6. Hi guys~My 12 year old just earned first class (smile!) in May and will be given a position of responsibility next week. He will be going to boy scout camp this summer and in addition will be taking a class at the museum to earn an Eagle badge and will also take lifesaving and swimming at our town pool to earn those badges. Although he will be busy with scouts all summer, he will not be attending to whatever job has been given to him other than for the week of summer camp. My question is…do the summer months count towards advancement? Reading the literature referred to above, it sounds like it is the responsibility of the higher-ups to see that the boy is challenged and engaged, and if the scout upholds his duties then he is considered active, even during the summer, but that doesn’t sound reasonable to me. What’s the skinny? Thanks!

  7. Where is this notion of allowing a minimum attendance requirement coming from? This is stated no where in the official documentation, and in fact it states that units may not create their own requirement. See below:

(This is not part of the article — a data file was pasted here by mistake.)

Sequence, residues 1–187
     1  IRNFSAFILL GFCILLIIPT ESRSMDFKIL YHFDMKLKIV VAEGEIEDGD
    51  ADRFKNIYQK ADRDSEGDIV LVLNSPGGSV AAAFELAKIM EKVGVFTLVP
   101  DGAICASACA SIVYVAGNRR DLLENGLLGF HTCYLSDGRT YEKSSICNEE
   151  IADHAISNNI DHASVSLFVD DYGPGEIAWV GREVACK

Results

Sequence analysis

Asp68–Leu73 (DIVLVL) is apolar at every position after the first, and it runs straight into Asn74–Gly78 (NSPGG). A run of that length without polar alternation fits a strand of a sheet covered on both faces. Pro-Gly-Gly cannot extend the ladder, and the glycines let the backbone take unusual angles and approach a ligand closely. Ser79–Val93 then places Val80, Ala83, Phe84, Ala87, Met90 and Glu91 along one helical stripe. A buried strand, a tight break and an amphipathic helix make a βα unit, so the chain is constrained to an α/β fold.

Definition of “ACTIVE

    A Scout will be considered “active” in his unit if he is

    Registered in his unit (registration fees are current)
    Not dismissed from his unit for disciplinary reasons
    Engaged by his unit leadership on a regular basis (informed of unit activities through Scoutmaster conference or personal contact, etc.
    In communication with the unit leader on a quarterly basis.
    (Units may not create their own definition of active; this is a national standard.)

    If the Scout does not initiate communication, the unit leader is to contact the Scout and ask if the youth wishes to remain in Scouting. If the answer is negative, then the unit leader should no longer communicate with the Scout. If the answer is affirmative, the unit leader should provide the unit calendar. After six months of nonparticipation, the unit leader may cease to contact with the youth and drop the Scout from the unit at recharter time.

    The Scout may return to the unit at any time while on the unit charter. At any time a Scout is dropped from a charter, the youth may re-apply to a unit for readmission; the acceptance of the application is at the discretion of the unit. The youth would be reinstated at the rank and level that can be documented by either the Scout or the unit.